Trump Chose To Grab Power Instead of Provide Pandemic Relief?

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Another 751,000 Out of Work, But Trump and Senate Allies Chose to Grab Power Instead of Provide Coronavirus Pandemic Relief

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Trump And Senate Allies Wave Off Making A Pandemic Relief Deal

WASHINGTON, D.C. – The Trump recession deepened as another 751,000 Americans filed for unemployment last week, bringing the total number of workers drawing unemployment benefits to nearly 7.8 million. The report comes as the Trump administration threw in the towel on containing the worsening pandemic that has already cost the lives of over 225,000 Americans -- and as Senate skipped town without passing a serious COVID-19 economic aid package, as the U.S. House has done twice. Trump’s Senate allies chose instead to spend critical weeks teeing up the confirmation of the President’s extreme Supreme Court pick. In an act of economic sabotage, the Senate Majority Leader Mitch McConnell waved off the White House from making a pandemic relief deal with the U.S. House at a time mom-and-pop businesses continue to shuttermass evictions and more job losses loom, and food insecurity persists – especially within Black and Latino communities.

“Giving up and waiting for the health crisis and recession to fix themselves is not an option for our leaders -- but that is exactly the dangerous and costly choice the president and his Senate followers have made,” said Kyle Herrig, president of government watchdog Accountable.US. “They made clear their indifference towards the incredible sacrifices being made by small businesses and workers when they decided a more right-wing, corporate-friendly Supreme Court was more important than a real coronavirus pandemic relief deal.”

Fiddling Around

Almost 65 million Americans have filed for unemployment insurance since the start of the pandemic, and the nation’s true unemployment rate — those who do not have a full-time job that pays a living wage — is 26.1% for all Americans and a jaw-dropping 59.2% for Black Americans.  Yet Trump’s Senate allies made every excuse not to act on the updated HEROES Act the House passed this month that includes a full extension of the CARES Act’s $600 enhanced unemployment benefit provision and improvements to the Paycheck Protection Program (PPP), after previously passing a serious aid bill in May.

While Trump and the Senate put all their energy into jamming through Trump’s extremist Supreme Court nominee, it has been…   

  • 215 days since the CARES Act was passed — the last significant comprehensive aid package Congress secured to help the American people through a crisis that is now well past its 6th month of raging through the U.S.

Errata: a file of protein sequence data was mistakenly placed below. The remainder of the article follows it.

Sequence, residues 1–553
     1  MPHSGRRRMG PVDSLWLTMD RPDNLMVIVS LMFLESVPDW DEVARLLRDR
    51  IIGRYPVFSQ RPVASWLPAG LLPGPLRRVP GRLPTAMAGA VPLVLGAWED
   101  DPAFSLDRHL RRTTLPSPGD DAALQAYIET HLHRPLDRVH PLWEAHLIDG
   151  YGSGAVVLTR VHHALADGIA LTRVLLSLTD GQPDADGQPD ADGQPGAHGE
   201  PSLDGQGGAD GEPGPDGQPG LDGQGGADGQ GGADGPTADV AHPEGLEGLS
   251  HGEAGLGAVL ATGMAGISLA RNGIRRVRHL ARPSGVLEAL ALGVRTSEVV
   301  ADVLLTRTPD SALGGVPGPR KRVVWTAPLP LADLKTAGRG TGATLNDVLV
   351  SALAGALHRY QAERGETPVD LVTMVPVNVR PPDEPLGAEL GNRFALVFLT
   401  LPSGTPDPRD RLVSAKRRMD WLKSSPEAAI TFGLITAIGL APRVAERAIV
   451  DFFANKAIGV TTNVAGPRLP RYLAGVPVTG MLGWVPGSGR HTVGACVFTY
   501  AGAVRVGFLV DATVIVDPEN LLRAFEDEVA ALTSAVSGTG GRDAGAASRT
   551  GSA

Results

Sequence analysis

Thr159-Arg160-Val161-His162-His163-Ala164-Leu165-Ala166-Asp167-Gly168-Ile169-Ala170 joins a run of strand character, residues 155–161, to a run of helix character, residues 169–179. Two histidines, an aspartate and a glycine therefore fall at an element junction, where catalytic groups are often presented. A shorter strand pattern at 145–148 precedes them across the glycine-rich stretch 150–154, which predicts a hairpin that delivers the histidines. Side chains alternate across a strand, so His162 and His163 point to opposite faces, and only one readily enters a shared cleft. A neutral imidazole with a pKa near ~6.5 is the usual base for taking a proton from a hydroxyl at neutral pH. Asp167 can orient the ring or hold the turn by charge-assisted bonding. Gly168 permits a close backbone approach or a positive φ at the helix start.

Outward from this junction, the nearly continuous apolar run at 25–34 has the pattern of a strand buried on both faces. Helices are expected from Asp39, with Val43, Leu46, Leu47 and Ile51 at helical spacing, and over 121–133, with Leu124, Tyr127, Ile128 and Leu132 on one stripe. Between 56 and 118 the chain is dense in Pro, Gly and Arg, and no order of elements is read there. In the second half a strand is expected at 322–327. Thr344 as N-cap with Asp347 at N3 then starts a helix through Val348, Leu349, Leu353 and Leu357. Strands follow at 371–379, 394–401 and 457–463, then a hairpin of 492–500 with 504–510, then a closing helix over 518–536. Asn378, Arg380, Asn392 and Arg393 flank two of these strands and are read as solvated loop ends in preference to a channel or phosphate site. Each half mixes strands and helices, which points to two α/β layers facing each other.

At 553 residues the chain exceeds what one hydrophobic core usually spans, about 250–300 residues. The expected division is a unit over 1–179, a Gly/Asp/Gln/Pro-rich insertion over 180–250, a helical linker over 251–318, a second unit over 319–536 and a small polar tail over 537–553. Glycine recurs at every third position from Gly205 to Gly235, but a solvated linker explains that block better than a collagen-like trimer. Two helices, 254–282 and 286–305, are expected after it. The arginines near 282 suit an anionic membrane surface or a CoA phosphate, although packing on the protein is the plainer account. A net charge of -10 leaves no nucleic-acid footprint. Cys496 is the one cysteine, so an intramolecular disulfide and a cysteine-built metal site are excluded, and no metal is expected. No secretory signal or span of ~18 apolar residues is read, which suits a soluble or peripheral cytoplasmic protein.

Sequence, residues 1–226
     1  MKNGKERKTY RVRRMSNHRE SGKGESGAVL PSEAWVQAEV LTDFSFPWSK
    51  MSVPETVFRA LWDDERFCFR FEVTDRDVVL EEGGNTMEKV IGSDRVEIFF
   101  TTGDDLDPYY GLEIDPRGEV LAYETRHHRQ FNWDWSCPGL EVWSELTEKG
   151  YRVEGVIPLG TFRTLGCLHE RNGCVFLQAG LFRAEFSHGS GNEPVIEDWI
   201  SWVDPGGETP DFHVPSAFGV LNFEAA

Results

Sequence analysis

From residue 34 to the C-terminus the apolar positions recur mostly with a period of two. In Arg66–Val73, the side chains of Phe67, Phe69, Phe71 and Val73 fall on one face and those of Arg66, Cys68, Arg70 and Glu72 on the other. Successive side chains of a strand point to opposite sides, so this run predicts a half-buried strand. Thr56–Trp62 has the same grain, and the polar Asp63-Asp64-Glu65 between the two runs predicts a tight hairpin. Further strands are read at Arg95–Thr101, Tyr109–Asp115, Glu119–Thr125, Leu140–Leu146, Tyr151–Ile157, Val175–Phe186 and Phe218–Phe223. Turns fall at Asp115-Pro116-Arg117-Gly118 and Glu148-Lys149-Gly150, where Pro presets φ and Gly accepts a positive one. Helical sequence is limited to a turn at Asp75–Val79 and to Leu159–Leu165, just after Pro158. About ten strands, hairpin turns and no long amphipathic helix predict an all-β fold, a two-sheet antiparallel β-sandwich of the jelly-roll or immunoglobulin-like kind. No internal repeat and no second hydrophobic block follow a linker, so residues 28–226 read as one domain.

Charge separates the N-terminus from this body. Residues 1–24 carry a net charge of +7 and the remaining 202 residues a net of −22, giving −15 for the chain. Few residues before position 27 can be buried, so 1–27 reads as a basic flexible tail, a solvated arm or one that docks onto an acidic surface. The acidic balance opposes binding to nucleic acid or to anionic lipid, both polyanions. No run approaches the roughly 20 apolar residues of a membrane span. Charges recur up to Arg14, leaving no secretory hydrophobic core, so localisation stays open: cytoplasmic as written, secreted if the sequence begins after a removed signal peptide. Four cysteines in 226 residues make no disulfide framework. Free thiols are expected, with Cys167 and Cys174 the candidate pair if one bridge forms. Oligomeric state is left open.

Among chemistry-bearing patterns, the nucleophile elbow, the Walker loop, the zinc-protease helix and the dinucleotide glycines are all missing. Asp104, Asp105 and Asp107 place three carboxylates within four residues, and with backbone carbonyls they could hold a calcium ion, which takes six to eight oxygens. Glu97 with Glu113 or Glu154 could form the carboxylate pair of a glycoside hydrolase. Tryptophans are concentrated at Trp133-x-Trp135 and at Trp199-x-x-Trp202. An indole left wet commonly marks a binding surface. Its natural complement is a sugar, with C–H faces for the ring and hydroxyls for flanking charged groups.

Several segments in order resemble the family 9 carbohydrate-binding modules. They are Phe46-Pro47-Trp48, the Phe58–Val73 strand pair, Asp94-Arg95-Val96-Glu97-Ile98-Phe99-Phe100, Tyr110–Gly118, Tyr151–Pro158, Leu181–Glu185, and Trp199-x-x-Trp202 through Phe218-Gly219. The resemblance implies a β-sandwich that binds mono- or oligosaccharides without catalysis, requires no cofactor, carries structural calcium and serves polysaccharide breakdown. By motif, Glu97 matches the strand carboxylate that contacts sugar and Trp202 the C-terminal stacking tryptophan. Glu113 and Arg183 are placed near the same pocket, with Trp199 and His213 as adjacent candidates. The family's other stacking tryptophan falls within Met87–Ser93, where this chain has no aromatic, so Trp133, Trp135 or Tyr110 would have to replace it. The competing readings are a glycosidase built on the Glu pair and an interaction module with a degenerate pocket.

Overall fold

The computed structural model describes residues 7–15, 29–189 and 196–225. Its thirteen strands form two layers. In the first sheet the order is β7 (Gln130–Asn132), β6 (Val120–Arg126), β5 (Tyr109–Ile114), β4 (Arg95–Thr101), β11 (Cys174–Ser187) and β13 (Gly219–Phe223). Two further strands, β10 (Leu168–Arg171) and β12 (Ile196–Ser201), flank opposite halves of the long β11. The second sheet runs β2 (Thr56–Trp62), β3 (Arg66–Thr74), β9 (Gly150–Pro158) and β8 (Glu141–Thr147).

• 89 days since the CARES Act’s weekly $600 enhanced federal unemployment benefits ran out, leaving many families struggling to make ends meet.
  • 83 days since applications for the Paycheck Protection Program closed, leaving small businesses that were denied from the program to fend for themselves.
  • 65 days until Trump’s eviction moratorium runs out, potentially resulting in thousands of families losing access to stable housing.

It’s clear more — not less — needs to be done as the Trump Recession continues for millions of Americans:      

  • New York Times, 10/28: Hospitals Are Reeling Under a 46 Percent Spike in Covid-19 Patients. Across the country, case numbers have risen to fearsome new levels in recent days, with the seven-day average for new cases exceeding 70,000 for the first time in the pandemic. Twenty-six states are at or near record numbers for new infections. More than 500,000 cases have been announced in the past week. And exactly zero states are seeing sustained declines in case numbers.
  • New York Times, 10/27: Why the Best G.D.P. Report Ever Won’t Mean the Economy Has Healed. “Employment has come back to some extent, but the unemployment rate is still high, wage and salary income is still low,” said Ben Herzon, executive director of IHS Markit, a forecasting firm. “Demand is still being depressed by the pandemic.”
  • Washington Post, 10/27: Renters thought a CDC order protected them from eviction. Then landlords found loopholes. The jobs and wages swept aside by the ensuing recession have pushed an estimated 8 million Americans into poverty since May. Experts say even with the patchwork of state and local eviction moratoriums launched since the start of the pandemic, as many as 40 million tenants could be evicted by the end of the year.
  • Associated Press, 10/26: As virus resurges, so does fear of more economic pain ahead. With no stimulus likely the rest of this year, economists at Goldman Sachs have slashed their growth forecast for the October-December quarter to a 3% annual rate from 6%.